Ridiculous? These are some of the weird questions popping out from interviewers of some big companies in Korea recently, such as Samsung, LG Electronics, SK and Kia Motors, etc. These ‘Zen’ type of questions will turn even the most confident interviewees into cold sweat.

An employment website in Korea had listed the possible interview questions and answers from big companies of the world today. From the answers gathered, we can see what these companies are really asking for – creativity, sensitivity and logical thinking skills.

“What does ‘zhao san mu si’ mean in modern times?” ‘Zhao san mu si’ originally meant to use tricks to trick people. To the people in the enterprise, it means that no matter what task you undertake, you must make sure what the other parties’ motives are and to predict what will happen in the end. That is how businesses work today.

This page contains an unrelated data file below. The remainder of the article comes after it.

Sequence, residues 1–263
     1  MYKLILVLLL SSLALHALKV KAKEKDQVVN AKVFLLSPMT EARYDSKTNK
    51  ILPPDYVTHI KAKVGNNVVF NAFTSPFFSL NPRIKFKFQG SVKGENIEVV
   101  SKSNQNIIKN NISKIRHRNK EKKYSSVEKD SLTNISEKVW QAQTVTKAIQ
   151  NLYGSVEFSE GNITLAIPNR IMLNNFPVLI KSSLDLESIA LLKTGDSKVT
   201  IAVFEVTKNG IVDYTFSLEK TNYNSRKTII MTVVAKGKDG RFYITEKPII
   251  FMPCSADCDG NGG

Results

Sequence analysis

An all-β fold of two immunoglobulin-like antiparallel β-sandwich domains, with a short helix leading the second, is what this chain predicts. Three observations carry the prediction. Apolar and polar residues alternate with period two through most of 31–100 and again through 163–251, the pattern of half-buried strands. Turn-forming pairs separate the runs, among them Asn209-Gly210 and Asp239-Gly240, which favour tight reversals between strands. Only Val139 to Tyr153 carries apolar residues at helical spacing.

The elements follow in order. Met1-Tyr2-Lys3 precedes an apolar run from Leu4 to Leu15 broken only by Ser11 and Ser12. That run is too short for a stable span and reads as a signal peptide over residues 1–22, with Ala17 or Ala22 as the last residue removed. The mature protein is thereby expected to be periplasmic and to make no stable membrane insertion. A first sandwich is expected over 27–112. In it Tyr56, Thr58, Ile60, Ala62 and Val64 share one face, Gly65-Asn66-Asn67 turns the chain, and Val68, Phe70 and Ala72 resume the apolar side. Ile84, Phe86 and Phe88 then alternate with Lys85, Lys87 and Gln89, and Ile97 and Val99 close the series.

“Kill11514542” seems like a code but what does it mean? It actually means nothing except to test the response of the interviewee. You can reply it in any way you want, for instance you can say, “It’s the title of a movie in the making, perhaps the making of ‘Kill Bill 2 ’?”

As for the turnover for Chinese restaurants in Seoul per day, you can answer by doing a calculation and analysis. Suppose 7.5 million bowls of noodles are sold in Korea per day and that these noodles stands for 40% of the Chinese restaurants’ sales, then approximately 18 million to 19 million bowls of noodles are sold per day. Considering the fact that one quarter of the population of Korea resides in Seoul, the answer to the question would be approximately 4.7 million bowls are sold per day in Chinese restaurants in Seoul.

Now, here’s an even more interesting question. When you are faced with this “If your partner and your best friend were caught in an affair, who will you choose?” Your best bet will be, “neither, but I will forgive them both” and then further explain with this, “Not choosing either one because they had lost my trust but forgiving means harmony and graciousness, these are key elements to a better future for the company, there is no point harboring resentment or plotting revenge strategies to get even, as this will only bring harm to the company. ” That would definitely leave a good impression.